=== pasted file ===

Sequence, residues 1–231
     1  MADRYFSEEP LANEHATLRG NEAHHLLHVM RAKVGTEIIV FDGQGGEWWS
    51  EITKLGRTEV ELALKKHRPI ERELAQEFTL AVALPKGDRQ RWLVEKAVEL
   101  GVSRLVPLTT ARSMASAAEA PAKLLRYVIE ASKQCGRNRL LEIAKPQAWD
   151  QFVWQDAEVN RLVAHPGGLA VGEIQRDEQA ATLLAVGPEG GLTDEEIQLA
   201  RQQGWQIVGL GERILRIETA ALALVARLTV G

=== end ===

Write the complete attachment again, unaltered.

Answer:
Sequence, residues 1–231
     1  MADRYFSEEP LANEHATLRG NEAHHLLHVM RAKVGTEIIV FDGQGGEWWS
    51  EITKLGRTEV ELALKKHRPI ERELAQEFTL AVALPKGDRQ RWLVEKAVEL
   101  GVSRLVPLTT ARSMASAAEA PAKLLRYVIE ASKQCGRNRL LEIAKPQAWD
   151  QFVWQDAEVN RLVAHPGGLA VGEIQRDEQA ATLLAVGPEG GLTDEEIQLA
   201  RQQGWQIVGL GERILRIETA ALALVARLTV G